Under the terms of its settlement with the FTC, InMobi is subject to a $4 million civil penalty, which is suspended to $950,000 based on the company’s financial condition. In addition, the company will be required to delete all information it collected from children, and will be prohibited from further violations of COPPA.

Going forward, InMobi will be prohibited from collecting consumers’ location information without their affirmative express consent for it to be collected, and will be required to honour consumers’ location privacy settings. The company will also be required to delete the location information of consumers it collected without their consent and will be prohibited from further misrepresenting its privacy practices. The settlement also will require InMobi to institute a comprehensive privacy programme that will be independently audited every two years for the next 20 years.

The Commission vote to authorise the staff to refer the complaint to the U.S. Department of Justice (DOJ) and to approve the proposed stipulated order was 3-0. The DOJ filed the complaint and proposed stipulated order on behalf of the Commission in U.S. District Court for the Northern District of California.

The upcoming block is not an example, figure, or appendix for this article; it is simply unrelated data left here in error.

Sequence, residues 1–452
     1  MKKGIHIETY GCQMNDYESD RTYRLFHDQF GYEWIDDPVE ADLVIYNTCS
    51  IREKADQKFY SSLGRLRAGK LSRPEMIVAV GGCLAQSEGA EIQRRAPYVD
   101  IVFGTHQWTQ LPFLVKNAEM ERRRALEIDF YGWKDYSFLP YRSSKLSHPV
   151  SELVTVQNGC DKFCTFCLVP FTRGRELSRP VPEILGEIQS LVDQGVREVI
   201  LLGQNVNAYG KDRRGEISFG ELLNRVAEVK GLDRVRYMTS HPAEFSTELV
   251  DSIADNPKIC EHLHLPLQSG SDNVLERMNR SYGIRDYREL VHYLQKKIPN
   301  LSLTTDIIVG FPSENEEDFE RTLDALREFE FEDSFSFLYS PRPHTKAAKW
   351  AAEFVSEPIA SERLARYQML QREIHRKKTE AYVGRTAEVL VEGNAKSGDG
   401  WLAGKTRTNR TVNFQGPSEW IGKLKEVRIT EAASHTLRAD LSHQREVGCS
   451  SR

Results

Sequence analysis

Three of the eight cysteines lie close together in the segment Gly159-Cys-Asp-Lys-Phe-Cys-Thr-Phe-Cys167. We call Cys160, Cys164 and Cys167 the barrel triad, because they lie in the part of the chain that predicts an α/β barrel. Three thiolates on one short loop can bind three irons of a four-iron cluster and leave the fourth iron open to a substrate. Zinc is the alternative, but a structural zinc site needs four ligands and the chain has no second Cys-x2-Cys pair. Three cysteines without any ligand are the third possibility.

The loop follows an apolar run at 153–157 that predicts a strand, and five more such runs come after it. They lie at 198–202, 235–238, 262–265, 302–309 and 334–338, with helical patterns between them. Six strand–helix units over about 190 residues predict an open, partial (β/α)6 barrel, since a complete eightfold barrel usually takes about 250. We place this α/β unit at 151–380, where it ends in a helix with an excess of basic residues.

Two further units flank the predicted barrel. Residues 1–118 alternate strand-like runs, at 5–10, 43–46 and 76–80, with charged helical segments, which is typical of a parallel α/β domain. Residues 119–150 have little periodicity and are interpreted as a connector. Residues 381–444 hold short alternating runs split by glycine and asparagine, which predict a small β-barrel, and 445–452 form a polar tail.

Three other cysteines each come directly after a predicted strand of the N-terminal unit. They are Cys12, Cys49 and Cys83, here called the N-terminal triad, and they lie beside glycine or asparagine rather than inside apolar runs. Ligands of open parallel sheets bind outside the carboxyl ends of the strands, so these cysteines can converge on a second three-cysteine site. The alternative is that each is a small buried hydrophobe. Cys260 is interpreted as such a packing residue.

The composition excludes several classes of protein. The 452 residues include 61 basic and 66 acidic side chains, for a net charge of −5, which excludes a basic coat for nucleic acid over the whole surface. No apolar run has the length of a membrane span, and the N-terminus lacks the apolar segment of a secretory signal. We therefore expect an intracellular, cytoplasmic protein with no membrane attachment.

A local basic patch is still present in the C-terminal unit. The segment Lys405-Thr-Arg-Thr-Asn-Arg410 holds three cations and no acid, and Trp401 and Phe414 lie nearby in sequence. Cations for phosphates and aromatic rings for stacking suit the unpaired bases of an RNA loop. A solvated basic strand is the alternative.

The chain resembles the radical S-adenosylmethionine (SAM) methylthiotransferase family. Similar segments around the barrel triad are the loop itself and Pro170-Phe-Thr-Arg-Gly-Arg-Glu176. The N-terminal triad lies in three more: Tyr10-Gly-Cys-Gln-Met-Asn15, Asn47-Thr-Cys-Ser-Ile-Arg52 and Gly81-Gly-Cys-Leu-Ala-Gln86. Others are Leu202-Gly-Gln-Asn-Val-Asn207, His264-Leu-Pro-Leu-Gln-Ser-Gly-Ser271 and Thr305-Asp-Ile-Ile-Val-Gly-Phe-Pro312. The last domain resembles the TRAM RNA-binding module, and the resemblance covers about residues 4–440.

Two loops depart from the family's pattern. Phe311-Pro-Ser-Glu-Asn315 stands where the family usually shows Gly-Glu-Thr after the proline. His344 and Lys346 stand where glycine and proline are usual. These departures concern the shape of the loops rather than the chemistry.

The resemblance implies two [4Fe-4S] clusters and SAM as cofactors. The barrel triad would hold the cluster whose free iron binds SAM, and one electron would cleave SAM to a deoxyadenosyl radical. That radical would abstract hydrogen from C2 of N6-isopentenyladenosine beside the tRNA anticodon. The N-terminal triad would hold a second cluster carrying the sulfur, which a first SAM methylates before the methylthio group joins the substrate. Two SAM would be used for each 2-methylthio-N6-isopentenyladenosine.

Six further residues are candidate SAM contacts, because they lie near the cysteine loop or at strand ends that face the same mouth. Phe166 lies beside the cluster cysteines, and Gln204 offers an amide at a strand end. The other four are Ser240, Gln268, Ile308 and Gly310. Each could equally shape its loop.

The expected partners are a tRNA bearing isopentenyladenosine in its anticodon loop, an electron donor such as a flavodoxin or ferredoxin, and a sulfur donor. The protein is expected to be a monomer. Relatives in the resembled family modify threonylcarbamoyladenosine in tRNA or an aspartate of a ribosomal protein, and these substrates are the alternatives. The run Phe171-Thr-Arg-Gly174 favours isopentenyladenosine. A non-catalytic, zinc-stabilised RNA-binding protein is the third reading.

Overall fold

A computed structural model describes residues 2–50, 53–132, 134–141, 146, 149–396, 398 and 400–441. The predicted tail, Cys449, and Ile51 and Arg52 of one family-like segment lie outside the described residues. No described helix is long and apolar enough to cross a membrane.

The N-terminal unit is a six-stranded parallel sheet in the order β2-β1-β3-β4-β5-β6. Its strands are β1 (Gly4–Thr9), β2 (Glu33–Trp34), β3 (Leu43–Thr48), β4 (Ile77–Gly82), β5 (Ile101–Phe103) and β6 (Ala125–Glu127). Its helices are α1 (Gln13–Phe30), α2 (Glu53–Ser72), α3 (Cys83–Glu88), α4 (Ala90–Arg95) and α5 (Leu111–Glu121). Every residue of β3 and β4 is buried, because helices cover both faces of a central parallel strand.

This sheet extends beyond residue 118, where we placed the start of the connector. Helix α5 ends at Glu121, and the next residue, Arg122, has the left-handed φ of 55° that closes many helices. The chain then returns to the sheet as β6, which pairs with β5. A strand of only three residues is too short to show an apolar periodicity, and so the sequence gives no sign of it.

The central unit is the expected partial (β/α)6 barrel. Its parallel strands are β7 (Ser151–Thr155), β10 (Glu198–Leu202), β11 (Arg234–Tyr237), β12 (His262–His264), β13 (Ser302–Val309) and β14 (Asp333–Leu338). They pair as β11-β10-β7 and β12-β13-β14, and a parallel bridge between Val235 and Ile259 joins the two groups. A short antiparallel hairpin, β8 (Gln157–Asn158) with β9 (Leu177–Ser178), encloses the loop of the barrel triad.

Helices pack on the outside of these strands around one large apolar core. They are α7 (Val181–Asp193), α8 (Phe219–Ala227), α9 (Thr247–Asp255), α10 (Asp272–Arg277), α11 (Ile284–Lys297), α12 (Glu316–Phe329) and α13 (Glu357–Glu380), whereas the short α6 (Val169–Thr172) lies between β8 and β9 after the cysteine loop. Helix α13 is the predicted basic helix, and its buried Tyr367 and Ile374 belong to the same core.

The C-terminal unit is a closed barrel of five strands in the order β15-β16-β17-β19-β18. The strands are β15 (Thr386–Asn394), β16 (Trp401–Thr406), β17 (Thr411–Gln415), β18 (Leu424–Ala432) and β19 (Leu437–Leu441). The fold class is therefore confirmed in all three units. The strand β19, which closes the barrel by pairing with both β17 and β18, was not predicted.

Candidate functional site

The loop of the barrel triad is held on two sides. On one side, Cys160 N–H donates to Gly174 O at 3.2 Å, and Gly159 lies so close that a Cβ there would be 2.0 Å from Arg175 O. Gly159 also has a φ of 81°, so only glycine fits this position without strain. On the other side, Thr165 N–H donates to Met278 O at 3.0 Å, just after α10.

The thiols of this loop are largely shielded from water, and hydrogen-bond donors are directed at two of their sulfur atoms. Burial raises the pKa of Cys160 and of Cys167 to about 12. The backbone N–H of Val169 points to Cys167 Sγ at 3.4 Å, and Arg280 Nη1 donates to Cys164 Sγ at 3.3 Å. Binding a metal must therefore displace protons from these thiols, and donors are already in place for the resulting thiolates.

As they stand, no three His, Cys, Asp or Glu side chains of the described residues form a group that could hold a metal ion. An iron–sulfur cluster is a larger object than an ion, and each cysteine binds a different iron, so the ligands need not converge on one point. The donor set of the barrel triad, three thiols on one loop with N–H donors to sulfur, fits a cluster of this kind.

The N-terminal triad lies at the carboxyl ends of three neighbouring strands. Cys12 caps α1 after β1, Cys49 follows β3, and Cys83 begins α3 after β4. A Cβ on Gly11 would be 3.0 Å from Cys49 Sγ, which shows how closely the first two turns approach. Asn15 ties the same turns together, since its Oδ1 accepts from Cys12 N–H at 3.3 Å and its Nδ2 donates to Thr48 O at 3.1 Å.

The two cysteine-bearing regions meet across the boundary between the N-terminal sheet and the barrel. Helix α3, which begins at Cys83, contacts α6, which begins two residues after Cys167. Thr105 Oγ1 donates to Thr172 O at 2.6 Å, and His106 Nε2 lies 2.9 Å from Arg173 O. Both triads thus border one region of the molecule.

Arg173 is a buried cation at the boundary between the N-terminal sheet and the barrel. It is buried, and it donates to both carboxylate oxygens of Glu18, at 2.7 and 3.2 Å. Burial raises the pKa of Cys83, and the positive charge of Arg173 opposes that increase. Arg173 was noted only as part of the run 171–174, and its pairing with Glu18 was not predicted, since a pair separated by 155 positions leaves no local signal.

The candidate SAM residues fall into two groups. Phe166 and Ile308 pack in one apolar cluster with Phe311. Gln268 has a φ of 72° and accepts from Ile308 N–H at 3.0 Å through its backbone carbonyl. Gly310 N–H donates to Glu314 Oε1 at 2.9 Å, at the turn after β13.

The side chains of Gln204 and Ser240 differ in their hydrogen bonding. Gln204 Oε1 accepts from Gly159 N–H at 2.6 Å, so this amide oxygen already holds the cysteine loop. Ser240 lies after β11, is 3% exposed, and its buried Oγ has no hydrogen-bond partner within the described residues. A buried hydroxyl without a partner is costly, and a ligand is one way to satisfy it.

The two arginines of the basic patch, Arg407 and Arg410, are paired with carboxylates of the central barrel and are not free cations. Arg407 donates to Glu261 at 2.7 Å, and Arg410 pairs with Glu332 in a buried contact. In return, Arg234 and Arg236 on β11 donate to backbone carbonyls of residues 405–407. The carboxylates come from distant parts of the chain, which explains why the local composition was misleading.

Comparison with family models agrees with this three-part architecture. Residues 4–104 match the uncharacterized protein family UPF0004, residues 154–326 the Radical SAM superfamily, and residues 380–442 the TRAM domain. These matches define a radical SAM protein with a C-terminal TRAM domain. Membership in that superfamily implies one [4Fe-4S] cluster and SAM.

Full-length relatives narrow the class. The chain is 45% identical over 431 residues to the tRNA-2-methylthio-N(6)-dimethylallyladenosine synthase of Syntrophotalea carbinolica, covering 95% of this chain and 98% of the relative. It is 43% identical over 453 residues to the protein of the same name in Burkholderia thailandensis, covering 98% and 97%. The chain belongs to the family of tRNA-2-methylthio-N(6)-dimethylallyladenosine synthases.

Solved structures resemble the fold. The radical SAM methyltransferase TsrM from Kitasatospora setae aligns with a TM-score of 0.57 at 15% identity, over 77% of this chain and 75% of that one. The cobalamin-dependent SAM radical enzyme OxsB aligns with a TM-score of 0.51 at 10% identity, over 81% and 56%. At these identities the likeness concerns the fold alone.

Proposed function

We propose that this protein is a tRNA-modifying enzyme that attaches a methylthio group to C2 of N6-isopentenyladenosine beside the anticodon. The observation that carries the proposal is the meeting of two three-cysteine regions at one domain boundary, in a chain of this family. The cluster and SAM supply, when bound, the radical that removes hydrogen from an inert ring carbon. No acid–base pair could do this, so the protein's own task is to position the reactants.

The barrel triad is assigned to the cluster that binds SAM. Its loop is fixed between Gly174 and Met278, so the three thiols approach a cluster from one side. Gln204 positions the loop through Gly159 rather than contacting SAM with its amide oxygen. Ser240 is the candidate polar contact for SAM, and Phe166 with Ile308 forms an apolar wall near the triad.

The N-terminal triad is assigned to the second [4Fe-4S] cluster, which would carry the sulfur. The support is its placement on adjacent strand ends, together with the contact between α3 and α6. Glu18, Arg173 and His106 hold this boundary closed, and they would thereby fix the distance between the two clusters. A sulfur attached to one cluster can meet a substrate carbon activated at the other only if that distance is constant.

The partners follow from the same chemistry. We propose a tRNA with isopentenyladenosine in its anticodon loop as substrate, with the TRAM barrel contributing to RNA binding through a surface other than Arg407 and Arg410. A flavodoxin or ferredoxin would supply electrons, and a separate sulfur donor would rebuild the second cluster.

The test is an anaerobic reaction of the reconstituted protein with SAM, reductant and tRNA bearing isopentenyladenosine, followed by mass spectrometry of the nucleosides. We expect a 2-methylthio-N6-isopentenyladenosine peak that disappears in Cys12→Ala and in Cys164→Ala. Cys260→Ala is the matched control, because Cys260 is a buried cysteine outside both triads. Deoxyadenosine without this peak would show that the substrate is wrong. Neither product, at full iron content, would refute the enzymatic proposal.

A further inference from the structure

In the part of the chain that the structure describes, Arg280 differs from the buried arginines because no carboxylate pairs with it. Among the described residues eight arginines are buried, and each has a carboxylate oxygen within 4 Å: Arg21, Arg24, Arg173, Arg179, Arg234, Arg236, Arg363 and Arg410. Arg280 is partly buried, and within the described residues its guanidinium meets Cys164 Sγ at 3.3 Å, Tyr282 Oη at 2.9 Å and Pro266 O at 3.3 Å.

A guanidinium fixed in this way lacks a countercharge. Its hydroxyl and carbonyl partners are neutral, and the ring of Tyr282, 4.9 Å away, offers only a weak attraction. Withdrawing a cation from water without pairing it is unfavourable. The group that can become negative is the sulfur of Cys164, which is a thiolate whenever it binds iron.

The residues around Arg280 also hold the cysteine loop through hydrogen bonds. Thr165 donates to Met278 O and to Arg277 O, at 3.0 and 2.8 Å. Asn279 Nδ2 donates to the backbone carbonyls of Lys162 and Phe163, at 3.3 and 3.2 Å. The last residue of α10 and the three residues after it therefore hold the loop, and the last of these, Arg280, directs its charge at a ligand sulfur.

[Update]

An InMobi representative reached out to YourStory with this statement-

With best intentions to adhere to COPPA requirements, InMobi implemented a process to exclude any publisher’s site or app identified as a COPPA app from interest-based, behavioral advertising. During the investigation by FTC, InMobi discovered that there was a technical error at InMobi’s end that led to the process not being correctly implemented in all cases. As a result, some COPPA sites were served with interest-based campaigns on the InMobi Network. InMobi promptly notified the FTC of this issue as soon as it was discovered and has made it clear from the outset that this was by no way means deliberate. Any family safe ads that may have formed part of targeted campaigns would have been undertaken to target the adult owner of the device.

In certain instances, InMobi has inferred user location through the Wifi identifier as part of the SDK integration with publisher apps without express election by an user. While InMobi was not fined by the FTC for this practice, to implement best practices, going forward InMobi will only use WiFi information when serving location based targeted advertising campaigns when an app user has authorized the app to collect and transmit the same. The errors were corrected in Q4 2015, and since then, InMobi has been fully compliant with all COPPA regulations. InMobi operates across several countries and continents, and intend to adhere to the best practices related to the data and privacy requirements of all the countries.


Related read: What InMobi stands for